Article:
Lot Description: 71 crystals of extraterrestrial peridot (total 1.47 carats) extracted from Seymchan meteorites encompass a circular disc of a sample of the Moon cut from a specimen of lunar meteorite NWA 12691 — all of which are set in 14K white gold. Modern fashioning.
The pendant: 45 x 6mm
The lunar sample: 35 x 1.8mm and 4.82g
71 pallasitic (extraterrestrial) olivines: 1.79mm (each) in diameter and 1.47 carats
Lunar material is among the rarest substances on Earth. Faceted extraterrestrial gemstones are rarer still. This pendant features both: a sample of the lunar meteorite NWA 12691 found in the Sahara Desert (see lots 12 and 30) and peridot from the Seymchan meteorite shower recovered in Siberia (see lot 14).

Scientists identify Moon rocks by their specific textural, mineralogical, chemical and isotopic signatures. Many of the common minerals found on Earth’s surface are rare or absent on the Moon and some lunar minerals are unknown on Earth. Lunar meteorites reach the Earth after having been blasted off the lunar surface by the collision of an asteroid. In fact, it was asteroid and comet impacts that created the large craters covering the Moon. NWA 12691 was found in the Sahara Desert three years ago. The peridot is from Seymchan pallasitic meteorites found in Siberia and it originates from the lower mantle of an asteroid that was blown apart following an impact with another asteroid. Such crystals are found in a rare type of meteorite — less than 0.2% of all meteorites are of this variety — suspended in an iron-nickel matrix from the asteroid’s core. The crystals are extracted from the surrounding metallic matrix prior to faceting. The specimens from the Moon and Asteroid Belt are set in a 2.33 ounce white gold pendant. As one would expect, many of the Moon rocks returned by Apollo missions are nearly identical to lunar meteorites — and such is the case with this lunar sample. Designed by Maggie Kroenke, white gold, extraterrestrial gemstones and a slice of the Moon are brought together in this one-of-a-kind piece.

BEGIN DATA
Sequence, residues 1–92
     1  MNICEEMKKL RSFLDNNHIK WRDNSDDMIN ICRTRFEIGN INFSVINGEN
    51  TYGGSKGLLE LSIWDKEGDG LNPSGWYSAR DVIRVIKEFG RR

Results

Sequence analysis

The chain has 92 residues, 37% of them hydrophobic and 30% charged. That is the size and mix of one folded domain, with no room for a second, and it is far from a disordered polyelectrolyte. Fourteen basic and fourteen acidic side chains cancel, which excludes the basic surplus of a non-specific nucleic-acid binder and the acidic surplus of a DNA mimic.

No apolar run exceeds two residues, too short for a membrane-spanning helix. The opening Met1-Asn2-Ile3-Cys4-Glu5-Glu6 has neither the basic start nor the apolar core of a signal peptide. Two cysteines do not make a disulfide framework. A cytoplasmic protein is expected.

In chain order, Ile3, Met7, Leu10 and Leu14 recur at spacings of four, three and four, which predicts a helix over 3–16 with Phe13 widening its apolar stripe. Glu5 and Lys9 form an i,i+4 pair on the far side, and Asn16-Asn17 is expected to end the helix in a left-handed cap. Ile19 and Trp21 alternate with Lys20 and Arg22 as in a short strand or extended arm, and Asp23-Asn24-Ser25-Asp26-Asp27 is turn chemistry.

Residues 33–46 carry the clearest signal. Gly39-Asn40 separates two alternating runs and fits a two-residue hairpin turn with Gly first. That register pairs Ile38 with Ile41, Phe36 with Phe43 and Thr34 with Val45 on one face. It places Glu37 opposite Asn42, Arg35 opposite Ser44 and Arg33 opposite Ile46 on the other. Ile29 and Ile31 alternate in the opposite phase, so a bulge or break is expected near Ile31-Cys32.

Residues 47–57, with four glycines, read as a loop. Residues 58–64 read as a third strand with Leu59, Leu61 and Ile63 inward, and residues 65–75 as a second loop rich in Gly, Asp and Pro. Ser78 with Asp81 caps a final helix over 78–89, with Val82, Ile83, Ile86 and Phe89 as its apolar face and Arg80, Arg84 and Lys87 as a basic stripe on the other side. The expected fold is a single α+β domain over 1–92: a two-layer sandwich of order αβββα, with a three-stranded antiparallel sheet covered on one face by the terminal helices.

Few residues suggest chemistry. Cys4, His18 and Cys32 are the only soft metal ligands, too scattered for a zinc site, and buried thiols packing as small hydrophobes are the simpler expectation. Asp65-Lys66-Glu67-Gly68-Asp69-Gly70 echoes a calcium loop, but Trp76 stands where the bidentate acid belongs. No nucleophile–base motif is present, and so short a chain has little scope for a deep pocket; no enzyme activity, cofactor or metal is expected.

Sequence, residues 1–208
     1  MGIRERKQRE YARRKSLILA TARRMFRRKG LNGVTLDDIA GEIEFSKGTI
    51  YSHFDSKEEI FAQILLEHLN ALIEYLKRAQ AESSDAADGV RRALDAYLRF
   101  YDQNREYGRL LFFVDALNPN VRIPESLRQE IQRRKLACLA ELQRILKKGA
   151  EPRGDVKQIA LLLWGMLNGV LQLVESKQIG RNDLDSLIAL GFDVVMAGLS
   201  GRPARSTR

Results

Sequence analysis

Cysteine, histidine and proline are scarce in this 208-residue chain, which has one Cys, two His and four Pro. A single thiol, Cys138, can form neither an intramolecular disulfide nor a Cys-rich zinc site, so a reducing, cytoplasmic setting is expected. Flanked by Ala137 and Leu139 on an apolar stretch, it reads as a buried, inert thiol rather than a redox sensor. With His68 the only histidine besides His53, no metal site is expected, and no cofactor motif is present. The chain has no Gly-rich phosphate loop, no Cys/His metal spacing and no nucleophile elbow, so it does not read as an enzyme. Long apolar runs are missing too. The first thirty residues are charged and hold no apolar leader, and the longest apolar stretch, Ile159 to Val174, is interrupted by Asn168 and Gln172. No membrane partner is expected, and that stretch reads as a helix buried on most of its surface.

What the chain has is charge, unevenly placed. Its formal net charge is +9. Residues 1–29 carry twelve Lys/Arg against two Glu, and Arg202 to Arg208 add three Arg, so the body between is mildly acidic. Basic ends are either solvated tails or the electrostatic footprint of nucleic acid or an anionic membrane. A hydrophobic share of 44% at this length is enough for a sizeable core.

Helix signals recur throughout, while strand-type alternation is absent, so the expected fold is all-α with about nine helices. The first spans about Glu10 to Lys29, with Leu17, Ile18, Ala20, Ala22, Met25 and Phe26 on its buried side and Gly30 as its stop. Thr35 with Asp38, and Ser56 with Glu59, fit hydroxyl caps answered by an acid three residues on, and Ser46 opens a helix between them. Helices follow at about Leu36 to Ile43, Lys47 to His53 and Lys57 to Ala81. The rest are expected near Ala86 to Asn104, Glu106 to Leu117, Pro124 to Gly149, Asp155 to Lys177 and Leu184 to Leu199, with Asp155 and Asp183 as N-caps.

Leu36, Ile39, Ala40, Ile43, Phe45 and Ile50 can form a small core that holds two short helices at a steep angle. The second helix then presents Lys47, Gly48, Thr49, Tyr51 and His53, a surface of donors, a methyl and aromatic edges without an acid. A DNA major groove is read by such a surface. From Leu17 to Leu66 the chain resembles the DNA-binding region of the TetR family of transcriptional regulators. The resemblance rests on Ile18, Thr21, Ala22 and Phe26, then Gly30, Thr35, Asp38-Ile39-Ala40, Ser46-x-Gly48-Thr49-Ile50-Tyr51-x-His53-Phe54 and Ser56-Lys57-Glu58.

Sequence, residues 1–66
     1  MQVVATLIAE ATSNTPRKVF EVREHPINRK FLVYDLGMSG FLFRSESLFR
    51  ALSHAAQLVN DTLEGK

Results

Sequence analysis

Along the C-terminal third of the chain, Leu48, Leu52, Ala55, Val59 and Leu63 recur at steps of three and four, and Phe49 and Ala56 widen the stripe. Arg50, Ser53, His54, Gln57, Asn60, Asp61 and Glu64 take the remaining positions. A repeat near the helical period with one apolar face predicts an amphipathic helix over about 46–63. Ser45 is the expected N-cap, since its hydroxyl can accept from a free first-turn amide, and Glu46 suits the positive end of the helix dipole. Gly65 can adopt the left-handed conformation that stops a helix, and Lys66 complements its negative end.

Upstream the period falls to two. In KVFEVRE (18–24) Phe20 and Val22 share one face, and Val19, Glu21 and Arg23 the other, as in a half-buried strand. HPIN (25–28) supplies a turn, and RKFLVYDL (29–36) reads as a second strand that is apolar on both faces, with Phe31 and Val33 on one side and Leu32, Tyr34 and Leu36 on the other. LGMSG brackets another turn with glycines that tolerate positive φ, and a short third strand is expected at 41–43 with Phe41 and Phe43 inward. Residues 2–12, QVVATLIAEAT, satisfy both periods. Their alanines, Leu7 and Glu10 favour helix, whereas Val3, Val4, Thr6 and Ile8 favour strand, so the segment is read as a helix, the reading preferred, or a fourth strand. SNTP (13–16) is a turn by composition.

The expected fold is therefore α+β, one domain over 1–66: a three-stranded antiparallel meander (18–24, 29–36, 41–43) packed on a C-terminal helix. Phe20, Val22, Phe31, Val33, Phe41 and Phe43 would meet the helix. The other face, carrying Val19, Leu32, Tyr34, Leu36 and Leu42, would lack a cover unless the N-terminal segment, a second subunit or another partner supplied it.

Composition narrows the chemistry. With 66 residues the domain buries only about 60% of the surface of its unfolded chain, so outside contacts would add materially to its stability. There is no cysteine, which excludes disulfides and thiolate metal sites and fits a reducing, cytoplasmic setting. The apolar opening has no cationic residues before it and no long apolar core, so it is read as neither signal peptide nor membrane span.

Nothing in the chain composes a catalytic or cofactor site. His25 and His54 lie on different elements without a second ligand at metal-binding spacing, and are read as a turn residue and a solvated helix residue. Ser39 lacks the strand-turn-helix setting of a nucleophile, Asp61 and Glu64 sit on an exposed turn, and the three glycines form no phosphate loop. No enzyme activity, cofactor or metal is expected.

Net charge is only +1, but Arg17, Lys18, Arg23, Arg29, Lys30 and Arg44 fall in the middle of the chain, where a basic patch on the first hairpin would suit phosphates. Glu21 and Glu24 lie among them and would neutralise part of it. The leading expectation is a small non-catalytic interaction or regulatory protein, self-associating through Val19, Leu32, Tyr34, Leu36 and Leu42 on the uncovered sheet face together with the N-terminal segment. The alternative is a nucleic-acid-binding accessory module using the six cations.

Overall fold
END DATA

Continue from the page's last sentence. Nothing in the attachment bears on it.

Christie's would like to thank Dr. Alan E. Rubin at the Institute of Geophysics and Planetary Physics, University of California, Los Angeles for his assistance in preparing this catalog note.
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